Is your family dysfunctional or are they wounded?

Jesus showed them his hands and his side. Then the disciples rejoiced when they saw the Lord. Jesus said to them again, “Peace be with you.”

John 20:20-21 

Even after the resurrection, Jesus bears the wounds, which become a source of peace. Healing stands at the forefront of the broken body of Christ. Wounds often lead us to hurt others. It’s common for those closest to us, our family, to bear the brunt of our anguish. Hopefully, our wounds can heal, transforming us to reconcile the pain we encounter in our lives.

When I was 17, a mountain lion leaped in front of our Subaru Outback as we drove through the North Cascades in Washington State. My Dad was driving and my two brothers were in the car. Thankfully, all passengers emerged unscathed. The only damage was to the vehicle’s AC and one headlamp, which bore a tuft of fawn-colored cougar hair wedged deeply in a stress fracture of the clear plastic. It was a violent impact that left us shaken.

People always inquire, “What happened to the cougar?” My Dad relishes telling this story, always emphasizing, “We didn’t stick around to find out! I reported it to the Forest Ranger, and they warned me against staying in the vicinity where an injured cougar might be on the prowl.”

Desperation can alter the behavior of mountain lions. When emaciated, diseased, or hurt, they’ve been known to attack humans. While cougar attacks are rare, on that summer day in 1998, my family wasn’t going to tempt fate by lingering. The thought of an injured animal capable of causing harm sent shivers down my spine.

Let’s draw a parallel between individuals grappling with mental health conditions or addiction disorders and a wounded cougar. During active addiction, I was defensively hostile when offered help. My untreated bipolar disorder and addiction were open wounds needing immediate attention. When my family approached, I lashed out. That is a rather apt comparison to a wounded mountain lion. 

Fortunately, I eventually received assistance and healed my wounds. However, once wounded, I was forever changed. I’ve come to accept that the wounds from my addiction and mental health condition will always impact my life.

I was diagnosed with bipolar disorder in 2005 and publicly disclosed this diagnosis in February 2023. Upon going public, I received a comment from another pastor online that broke my heart. The comment read: “Truthfully, trusting the competence of a person with a mental health condition is an issue.” These seemed like the words of a wounded individual. I had prepared myself for various responses to my disclosure, expecting problematic comments from the pews, not from a colleague. I was wrong. I realized the urgent need for discussions about mental health within the church. What I discovered was that the average churchgoer lacked the vocabulary for a healthy dialogue about mental health and addiction.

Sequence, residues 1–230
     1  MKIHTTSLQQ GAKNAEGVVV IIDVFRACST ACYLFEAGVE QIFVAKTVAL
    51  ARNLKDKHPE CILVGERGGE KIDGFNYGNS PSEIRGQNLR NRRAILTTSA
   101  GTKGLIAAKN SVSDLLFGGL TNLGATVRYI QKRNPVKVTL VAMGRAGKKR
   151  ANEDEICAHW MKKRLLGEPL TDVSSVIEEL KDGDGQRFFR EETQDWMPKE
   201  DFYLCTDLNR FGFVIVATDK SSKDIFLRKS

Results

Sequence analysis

I believed I possessed the appropriate terminology to navigate a “dysfunctional family.” Seeking treatment, therapy, counseling, support groups, and spiritual care over three decades, I felt something was amiss. My methods were far too clinical and devoid of any spirit. As a pastor, I yearned for a transformational approach but encountered a barrier. I had been blaming my entire family for my mental health issues, which provided a false sense of superiority. Embracing the term “dysfunctional family” allowed me to believe my family was the source of my chaos. However, every spiritual and theological experience guiding my ministry urged me to abandon the concept of familial dysfunction and embrace the concept of “The Wounded Family.”

This is why I try to refer to my family as “The Wounded Family.” Untreated and misunderstood mental health conditions significantly impacted us. Among various wounds, I grapple with trauma from my five major manic episodes, addiction history, codependency, and the tragic death of my great uncle years ago. These experiences drive my purpose in ministry and writing, compelling me to engage with and address these wounds.

Growing up Lutheran, my family appeared average at church. However, at home, denial was our way of life. Each family member struggled to be themselves, wearing masks within triangulated relationships. Mom, Dad, my brothers, my Uncle, Grandma, and Grandpa all saw a different Seth.

If my family was wounded, then the church must also acknowledge its wounds. Our society demands radical change and reform in faith communities. The call for mental health reform in the church reminds me of my family’s cries for help in crisis. Unfortunately, a historical institutional denial of mental health seems embedded in many faith communities. Each church I’ve been a part of, and pastored, embodies a family system entrenched in a history of self-deception, striving for transformation. Churches exist in the shadow of a tradition of silence surrounding mental health, while “wounded families” yearn for spiritual rebirth, a reality I witness weekly as a pastor.